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TelevisionWeek's Blink page is an industry must-read, taking a sardonic look at happenings across the television business. This wry coverage is extended online and updated throughout the week.

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Something to Bitch About

December 13, 2004 12:00 AM

In his musical tribute to honoree Sir Elton John during taping of the 27th Annual Kennedy Center Awards last week, Billy Joel did a rendition of Mr. John's classic song "The Bitch Is Back." However, it is unlikely that you will see that performance when CBS airs the annual honors Dec. 21. Things are a bit sensitive these days in the wake of Federal Communications Commission fines for so-called indecent programming. CBS parent Viacom recently agreed to pay a $3.5 million fine for several incidents and is still challenging a $550,00 fine levied for Janet Jackson's Super Bowl "wardrobe malfunction." A CBS spokesman huffed that the network prefers to talk about the brilliance of this year's Kennedy Center honorees, who include (besides Sir Elton) Warren Beatty, Ossie Davis, Ruby Dee, Dame Joan Sutherland and John Williams. CBS declined to comment on whether Mr. Joel's version of "The Bitch" would be included-the producers are still editing the show for content and to fit time constraints-but Blink wouldn't count on it.

-DANIELLE PARKER



TV, Not Rx

Who says TV isn't educational? On Thanksgiving Day, 15-year-old Raynita Anderson helped save the life of a newborn baby in the back of a minivan using skills learned from watching Discovery Health Channel. Ms. Anderson had just witnessed her mother's friend give birth on the way to St. John's Riverside Hospital in Yonkers, N.Y. But the umbilical cord was wrapped around the neck of the baby, who wasn't able to breathe. Luckily, Ms. Anderson's favorite show is "Babies: Special Delivery," which once featured a similar scenario. She expertly unwrapped the cord and used her shoelaces to tie it off. On the "Fox News Live" morning show, series producer LMNO Productions awarded Ms. Anderson $1,500 for her quick thinking (and presumably the great press).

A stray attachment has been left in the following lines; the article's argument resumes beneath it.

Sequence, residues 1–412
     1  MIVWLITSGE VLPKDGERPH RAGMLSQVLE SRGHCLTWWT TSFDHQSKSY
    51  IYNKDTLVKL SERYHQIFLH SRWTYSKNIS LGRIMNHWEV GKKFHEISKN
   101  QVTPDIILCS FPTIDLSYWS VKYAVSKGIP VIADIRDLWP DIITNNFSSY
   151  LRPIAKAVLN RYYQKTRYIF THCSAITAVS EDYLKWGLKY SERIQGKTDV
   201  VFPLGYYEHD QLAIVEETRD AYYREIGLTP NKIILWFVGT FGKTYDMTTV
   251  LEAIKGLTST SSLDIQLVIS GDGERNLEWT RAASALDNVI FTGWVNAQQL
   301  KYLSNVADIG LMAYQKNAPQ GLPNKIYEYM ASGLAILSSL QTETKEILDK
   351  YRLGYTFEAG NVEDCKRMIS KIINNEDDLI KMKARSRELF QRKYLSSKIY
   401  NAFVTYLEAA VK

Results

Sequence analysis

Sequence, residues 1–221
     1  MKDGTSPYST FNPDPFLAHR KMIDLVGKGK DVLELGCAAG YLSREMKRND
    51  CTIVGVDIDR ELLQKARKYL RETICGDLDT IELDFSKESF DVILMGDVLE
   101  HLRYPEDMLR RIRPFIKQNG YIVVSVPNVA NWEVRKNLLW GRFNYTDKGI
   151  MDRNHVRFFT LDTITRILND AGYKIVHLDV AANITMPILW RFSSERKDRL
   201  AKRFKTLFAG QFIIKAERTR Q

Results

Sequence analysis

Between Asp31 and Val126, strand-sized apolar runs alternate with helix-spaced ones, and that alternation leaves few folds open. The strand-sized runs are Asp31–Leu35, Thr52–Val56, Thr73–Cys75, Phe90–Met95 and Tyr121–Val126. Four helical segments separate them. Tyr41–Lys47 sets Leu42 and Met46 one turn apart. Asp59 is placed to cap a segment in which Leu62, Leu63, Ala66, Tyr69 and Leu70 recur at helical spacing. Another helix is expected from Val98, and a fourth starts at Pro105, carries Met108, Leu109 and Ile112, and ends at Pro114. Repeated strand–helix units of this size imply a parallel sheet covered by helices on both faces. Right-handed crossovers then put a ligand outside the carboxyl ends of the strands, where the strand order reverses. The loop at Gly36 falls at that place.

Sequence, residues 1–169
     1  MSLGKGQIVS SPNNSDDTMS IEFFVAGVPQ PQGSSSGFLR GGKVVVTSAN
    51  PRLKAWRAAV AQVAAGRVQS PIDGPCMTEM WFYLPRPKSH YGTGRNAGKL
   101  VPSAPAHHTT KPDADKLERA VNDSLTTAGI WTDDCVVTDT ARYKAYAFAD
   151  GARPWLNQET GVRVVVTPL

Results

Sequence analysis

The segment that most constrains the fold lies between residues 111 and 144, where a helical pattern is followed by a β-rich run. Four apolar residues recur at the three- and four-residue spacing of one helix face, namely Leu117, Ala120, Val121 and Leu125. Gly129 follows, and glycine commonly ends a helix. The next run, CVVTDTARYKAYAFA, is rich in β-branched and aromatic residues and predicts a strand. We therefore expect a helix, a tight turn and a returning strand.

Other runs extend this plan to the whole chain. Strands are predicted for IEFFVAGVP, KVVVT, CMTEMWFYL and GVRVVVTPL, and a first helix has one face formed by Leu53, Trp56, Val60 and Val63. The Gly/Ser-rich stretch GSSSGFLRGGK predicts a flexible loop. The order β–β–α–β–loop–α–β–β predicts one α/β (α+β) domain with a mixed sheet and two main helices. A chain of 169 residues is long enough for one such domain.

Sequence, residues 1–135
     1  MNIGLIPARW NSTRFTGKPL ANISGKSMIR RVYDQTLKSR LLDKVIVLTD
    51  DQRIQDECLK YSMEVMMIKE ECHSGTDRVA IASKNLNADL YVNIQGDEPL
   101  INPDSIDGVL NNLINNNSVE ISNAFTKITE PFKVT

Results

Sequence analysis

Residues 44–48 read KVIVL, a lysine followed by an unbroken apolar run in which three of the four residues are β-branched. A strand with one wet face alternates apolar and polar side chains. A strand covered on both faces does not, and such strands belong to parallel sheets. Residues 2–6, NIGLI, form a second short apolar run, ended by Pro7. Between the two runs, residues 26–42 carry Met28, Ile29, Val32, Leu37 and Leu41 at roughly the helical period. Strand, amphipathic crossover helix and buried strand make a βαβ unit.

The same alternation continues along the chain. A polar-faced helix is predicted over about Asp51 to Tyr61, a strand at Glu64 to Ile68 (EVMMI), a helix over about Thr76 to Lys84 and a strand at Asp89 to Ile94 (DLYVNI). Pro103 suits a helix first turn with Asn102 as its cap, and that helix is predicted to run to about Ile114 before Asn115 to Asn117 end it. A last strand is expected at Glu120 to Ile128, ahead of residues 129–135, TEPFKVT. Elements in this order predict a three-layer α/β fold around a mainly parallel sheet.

-JAMES HIBBERD



The Week That Was

Things have changed in the 57 years that Arvid "Swede" Nelson has worked at station WEEK-TV in Peoria, Ill. For one thing, it was a radio station when he started. Now it broadcasts in high definition, which Mr. Nelson called "the biggest thing," along with the arrival of color. Mr. Nelson, 80, is retiring at the end of this month from his post as master control operator. (WEEK's other master control operator, Bob Swadener, is also in his 80s.) Mr. Nelson has seen a lot since he joined the station as an engineer. He's known almost everyone who has worked there. "He's not the traditional curmudgeon engineer. He comes in early and walks the halls. He has a couple of jokes to tell. So everyone knows him," said General Manager Mark DeSantis. When the station had its anniversary two years ago, Mr. Nelson was at the door, greeting folks.

Working at WEEK, Mr. Nelson met famous people. He was the audio man when President Eisenhower came for a speech, and he ran the camera when President Reagan came to town. Mr. Nelson said President Reagan "was very impressive. Once through his copy and he was ready to go."

Mr. Nelson decided to hang it up because he figures it's only a matter of time before the master control job gets automated. He'll stay in Peoria with his wife of 37 years. After years of watching only NBC shows during his 4:30 p.m.-to-12:30 a.m. shift, he's looking forward to seeing what other networks have to offer. He'll also indulge hobbies, which include amateur radio, photography and music. "I've got a thousand things I want to do."

-JON LAFAYETTE